Texas Tech Football: Why fans have the right to be upset


Texas Tech Football fans have every right to be upset with the output in production and development throughout the Kliff Kingsbury Era, but must lead by example moving forward.

When Coach Kingsbury was hired back in 2011 following a pitiful few seasons under Tommy Tuberville, he added “this is personal” to his message to fans, boosters, and alumni. Unfortunately,  the personal investment Kingsbury and Texas Tech have in each other has seen a minimal return on investment in the wins and losses columns; however, it has seen huge returns on the character of players enrolling at Texas Tech.

As much as fans appreciate the quality of young men coming out of Texas Tech, that only gets you so far. With that said, while there are several issues fans have every right to be upset over, adjustments and experimentations have been made throughout the Kingsbury era, leading many to believe Texas Tech might finally be clearing some of its biggest hurdles.

The Turf Was Replaced

Hopefully Texas Tech’s decision to replace its turf will come with a sizable advantage. The original turf was installed back in 2006, and was still in excellent condition. The major issue Texas Tech had was how hard the surface was. Commentators, fans, players, coaches, and media-alike, all mentioned how the turf at The Jones was like concrete, and in the warmer months, made field temperatures an even bigger issue.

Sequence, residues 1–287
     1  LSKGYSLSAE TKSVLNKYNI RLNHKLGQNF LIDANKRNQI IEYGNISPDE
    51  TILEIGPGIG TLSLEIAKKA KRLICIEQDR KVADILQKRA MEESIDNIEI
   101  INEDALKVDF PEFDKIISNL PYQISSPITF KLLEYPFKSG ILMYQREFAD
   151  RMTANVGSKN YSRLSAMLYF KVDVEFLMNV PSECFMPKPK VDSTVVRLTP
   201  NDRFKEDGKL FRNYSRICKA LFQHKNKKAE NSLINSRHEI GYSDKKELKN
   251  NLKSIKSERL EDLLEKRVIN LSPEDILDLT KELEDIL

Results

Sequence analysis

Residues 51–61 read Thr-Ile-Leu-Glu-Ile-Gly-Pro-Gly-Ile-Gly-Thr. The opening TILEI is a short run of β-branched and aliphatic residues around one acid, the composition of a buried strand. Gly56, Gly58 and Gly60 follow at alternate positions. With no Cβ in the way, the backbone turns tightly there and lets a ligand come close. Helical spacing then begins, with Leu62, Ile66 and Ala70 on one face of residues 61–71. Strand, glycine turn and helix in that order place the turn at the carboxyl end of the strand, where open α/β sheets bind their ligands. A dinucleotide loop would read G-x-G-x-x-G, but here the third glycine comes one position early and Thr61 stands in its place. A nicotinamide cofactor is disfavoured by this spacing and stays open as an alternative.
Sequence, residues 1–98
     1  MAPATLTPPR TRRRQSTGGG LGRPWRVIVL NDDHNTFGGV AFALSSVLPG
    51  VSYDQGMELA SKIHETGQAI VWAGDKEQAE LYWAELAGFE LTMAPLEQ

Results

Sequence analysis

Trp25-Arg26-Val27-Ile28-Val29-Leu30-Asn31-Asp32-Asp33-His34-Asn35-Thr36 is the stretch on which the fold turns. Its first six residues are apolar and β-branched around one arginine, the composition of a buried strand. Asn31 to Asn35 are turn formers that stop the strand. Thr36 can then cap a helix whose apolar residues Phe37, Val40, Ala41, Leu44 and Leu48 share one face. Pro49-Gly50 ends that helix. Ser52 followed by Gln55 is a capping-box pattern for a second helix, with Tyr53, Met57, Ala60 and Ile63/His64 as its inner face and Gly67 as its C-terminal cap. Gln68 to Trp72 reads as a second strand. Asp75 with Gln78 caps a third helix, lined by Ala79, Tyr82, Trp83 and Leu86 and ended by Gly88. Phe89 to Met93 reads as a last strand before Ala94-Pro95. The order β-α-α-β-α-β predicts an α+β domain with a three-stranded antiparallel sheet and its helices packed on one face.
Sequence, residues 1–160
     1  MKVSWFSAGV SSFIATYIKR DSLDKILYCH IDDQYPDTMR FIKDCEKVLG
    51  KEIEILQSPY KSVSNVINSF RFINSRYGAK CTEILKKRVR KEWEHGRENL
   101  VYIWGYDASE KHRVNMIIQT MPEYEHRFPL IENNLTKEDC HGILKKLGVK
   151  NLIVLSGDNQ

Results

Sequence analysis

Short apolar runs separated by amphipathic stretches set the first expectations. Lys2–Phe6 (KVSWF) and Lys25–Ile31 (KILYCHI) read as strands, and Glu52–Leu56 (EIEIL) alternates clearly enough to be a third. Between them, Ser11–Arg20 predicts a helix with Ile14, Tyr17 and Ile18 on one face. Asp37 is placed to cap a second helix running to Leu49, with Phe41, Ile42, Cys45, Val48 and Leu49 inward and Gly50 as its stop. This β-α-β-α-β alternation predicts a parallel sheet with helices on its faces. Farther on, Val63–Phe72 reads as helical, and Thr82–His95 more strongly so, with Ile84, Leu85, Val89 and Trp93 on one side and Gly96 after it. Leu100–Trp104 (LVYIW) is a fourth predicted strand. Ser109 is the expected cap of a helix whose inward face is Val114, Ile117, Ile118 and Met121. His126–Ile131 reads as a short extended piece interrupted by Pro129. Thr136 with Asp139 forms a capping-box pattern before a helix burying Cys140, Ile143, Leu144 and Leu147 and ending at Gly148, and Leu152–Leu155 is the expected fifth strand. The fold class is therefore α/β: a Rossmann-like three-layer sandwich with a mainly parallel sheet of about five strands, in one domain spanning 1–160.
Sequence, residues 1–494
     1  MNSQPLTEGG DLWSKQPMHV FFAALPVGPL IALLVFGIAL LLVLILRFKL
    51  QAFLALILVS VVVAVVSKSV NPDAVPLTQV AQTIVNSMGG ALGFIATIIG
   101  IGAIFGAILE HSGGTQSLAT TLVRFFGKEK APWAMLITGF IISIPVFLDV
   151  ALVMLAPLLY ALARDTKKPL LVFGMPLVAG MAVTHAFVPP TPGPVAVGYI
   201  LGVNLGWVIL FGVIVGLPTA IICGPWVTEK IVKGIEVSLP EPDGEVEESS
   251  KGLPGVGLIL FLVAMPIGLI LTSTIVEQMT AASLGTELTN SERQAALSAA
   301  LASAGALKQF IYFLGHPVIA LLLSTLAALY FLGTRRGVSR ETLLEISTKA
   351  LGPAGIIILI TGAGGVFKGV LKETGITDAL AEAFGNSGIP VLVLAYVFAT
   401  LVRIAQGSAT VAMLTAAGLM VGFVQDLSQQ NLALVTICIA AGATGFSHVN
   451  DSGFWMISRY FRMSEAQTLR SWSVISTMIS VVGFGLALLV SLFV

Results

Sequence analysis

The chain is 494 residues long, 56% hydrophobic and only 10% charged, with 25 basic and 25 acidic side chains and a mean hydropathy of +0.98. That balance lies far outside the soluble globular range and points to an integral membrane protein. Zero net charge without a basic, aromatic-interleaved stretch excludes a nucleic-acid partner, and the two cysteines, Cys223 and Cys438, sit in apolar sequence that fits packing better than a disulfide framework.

FieldTurf provided an advantage to Texas Tech’s iconic “Air Raid” offense, however, on a micro level, could have played a considerable role in Tech’s attrition rate–mainly in terms of injuries.

While Lubbock became a record shattering offensive destination, it could have been contributing to injuries, and word-of-mouth communication among recruits could have been the difference makers in bringing some much needed talent to Tech.

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Texas Tech wasn’t anticipating defensive tackle Breiden Fehoko’s transfer, although, look at the Fehoko history of football, and the signs were there. As folklore says, if it’s too good to be true, it probably is, and this news taught Texas Tech’s coaches a valuable lesson in learning how to read the tea leaves with a bit more scrutiny.

Players can’t be ridiculed for transferring, as football (even at the high school ranks) is considered a business, and players will do whatever it takes to make it in the NFL. So if players can’t be ridiculed, then does the same apply for coaches who let players go, or worse, have players walk out on them? Fans need to understand that players have left Texas Tech under Kingsbury’s leadership for a number of reasons; either they violated team rules and were kicked off the team, or they left because the program was too intense; they wanted more playing time without earning it; they had bad attitudes; or they were concerned with injuries.

While I feel like the attrition rate due to injuries will taper off with the new field installation, the bulk of the players’ stability will be under the supervision of the strength and conditioning staff. Many programs have flown under the radar in terms of improper benefits, while others (i.e.: USC, and SMU) have been rocked due to sanctions. Texas Tech fans can rest assured the NCAA won’t be investigating the Red Raiders in the Kingsbury era due to improper benefits, but with that, comes the necessity for the university to do whatever it takes (legally) to make Tech as competitive as possible.